STEIM Events | STEIM Events Archive 2019
12 October 2010 | 20.30 hrs. | Lecture/Demonstration | Free
STEIM Hotpot Lab #10
Tom Bugs, Edward Shanken and others
Tom Bugs and Oscillator Machine workshop
"Morphing musical instrument sounds guided by sound descriptors" by Marcelo Caetano
Tuesday, Oct 12, 2010
Venue: STEIM, Utrechtsedwarsstraat 134, Amsterdam
Time: 20.30 hrs. (door open 20.00 hrs.)
Tom Bugs inhabits the fertile border between arts and science. Driven by a strong DIY ethic, the world of bugs flourishes in diverse directions, taking in hand-built electronic audio devices, ever-mutating musical progressions and the creative decorations of photographic and etched artwork.
Coming from a background of music, Tom has been working with electronics for the last few years, beginning with circuit bending and simple guitar stomp boxes and gradually sinking deep into the circuitry for work on handmade noise systems and large scale modular synths. Tom’s work tries to mix the worlds of art and science by opening up technological ideas to new controls and areas of chance or controlled chaos. His recent work is almost entirely with analogue electronics, with his ideas often taking existing designs, twisting them a bit and then combining and presenting them in new ways. Alongside his solo music and design projects, Tom builds devices for musicians, setting installations and collaborating in technical arts and musical projects.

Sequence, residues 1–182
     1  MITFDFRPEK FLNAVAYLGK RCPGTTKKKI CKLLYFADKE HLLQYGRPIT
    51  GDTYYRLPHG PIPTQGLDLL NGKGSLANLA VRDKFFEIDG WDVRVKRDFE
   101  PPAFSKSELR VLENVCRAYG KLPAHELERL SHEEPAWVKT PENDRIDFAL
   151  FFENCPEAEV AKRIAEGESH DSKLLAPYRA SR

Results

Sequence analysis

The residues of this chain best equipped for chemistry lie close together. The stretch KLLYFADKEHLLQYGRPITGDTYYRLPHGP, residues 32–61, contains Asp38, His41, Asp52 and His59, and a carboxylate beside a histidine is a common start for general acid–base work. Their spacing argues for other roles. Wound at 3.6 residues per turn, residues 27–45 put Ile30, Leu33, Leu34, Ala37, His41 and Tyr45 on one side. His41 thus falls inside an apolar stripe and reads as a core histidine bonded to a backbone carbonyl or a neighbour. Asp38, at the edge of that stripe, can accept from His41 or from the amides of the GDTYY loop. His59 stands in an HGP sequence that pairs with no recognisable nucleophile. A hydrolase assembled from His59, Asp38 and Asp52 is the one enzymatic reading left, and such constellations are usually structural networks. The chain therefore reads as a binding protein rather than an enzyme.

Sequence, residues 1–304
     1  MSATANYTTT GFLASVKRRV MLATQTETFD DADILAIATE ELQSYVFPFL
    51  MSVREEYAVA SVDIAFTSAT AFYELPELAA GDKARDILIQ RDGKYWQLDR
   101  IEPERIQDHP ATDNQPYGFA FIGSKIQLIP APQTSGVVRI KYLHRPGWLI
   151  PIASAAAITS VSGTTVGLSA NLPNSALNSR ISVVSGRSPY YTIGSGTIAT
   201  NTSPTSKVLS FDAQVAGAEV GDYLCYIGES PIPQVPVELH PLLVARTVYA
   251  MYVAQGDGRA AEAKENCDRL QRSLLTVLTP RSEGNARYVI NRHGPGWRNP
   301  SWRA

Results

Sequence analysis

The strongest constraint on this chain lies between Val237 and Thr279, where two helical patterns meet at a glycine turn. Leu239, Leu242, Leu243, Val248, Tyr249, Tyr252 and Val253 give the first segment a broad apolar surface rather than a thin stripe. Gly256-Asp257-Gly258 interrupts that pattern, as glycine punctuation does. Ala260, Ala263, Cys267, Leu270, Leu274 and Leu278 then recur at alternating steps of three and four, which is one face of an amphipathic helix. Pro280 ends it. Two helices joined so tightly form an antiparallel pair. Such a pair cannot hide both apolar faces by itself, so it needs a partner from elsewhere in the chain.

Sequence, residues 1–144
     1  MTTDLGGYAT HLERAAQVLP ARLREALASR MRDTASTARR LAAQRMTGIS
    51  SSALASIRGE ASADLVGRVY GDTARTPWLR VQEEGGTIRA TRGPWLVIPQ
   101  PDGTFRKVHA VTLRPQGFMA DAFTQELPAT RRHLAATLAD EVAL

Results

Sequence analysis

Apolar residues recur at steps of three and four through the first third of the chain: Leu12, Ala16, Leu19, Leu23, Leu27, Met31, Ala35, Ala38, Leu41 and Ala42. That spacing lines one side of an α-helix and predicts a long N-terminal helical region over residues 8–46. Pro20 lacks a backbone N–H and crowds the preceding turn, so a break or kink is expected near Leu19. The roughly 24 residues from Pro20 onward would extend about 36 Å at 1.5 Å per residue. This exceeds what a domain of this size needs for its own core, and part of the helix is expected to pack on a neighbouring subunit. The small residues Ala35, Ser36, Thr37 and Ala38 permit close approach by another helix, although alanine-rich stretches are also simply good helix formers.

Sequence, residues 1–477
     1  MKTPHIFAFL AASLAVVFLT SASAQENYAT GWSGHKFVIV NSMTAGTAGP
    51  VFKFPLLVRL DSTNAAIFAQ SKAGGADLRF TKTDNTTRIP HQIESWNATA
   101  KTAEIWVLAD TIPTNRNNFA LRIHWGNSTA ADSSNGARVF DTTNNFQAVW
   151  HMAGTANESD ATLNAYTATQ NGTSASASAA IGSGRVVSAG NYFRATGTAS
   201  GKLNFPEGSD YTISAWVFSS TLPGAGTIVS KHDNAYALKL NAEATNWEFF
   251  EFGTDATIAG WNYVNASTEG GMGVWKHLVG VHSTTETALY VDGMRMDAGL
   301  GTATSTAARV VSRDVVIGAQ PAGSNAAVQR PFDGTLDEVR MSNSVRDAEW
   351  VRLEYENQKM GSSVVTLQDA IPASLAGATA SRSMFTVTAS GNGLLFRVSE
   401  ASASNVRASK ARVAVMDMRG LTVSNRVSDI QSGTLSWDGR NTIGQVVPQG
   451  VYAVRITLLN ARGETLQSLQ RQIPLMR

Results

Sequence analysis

Edward A. Shanken writes and teaches about the entwinement of art, science, and technology with a focus on interdisciplinary practices involving new media. He is Universitair Docent in New Media, University of Amsterdam, and a member of the Media Art History faculty at the Donau University in Krems, Austria. He was formerly Executive Director of the Information Science + Information Studies program at Duke University and Professor of Art History and Media Theory at Savannah College of Art and Design. Recent and forthcoming publications include essays on art and technology in the 1960s, systems aesthetics, interactivity and agency, sound and perception, and the cultural implications of cybernetics, robotics, computer networking, and biotechnology. He edited and wrote the introduction to a collection of essays by Roy Ascott, Telematic Embrace: Visionary Theories of Art, Technology and Consciousness (University of California Press, 2003). His critically praised survey, Art and Electronic Media, was published by Phaidon Press in 2009.
Marcelo Caetano was born in Santos, Brazil in 1977. After spending a year in Finland as an AFSer, he went on to study Electrical Engineering at the University of Campinas (Unicamp), where he did his first undergraduate research project at the Nucleus for Interdisciplinary Sound Studies(NICS) . He obtained his BSc in 2004 from the School of Electrical and Computer Engineering (FEEC), where he majored in Audio Engineering. In 2006 he obtained his MSc degree in Computer Engineering applied to Music Technology after he developed a project between the NICS and the Laboratory of Bio-Inspired Computing (LBiC). He is presently a PhD students with the Analysis/Synthesis Team at Ircam.
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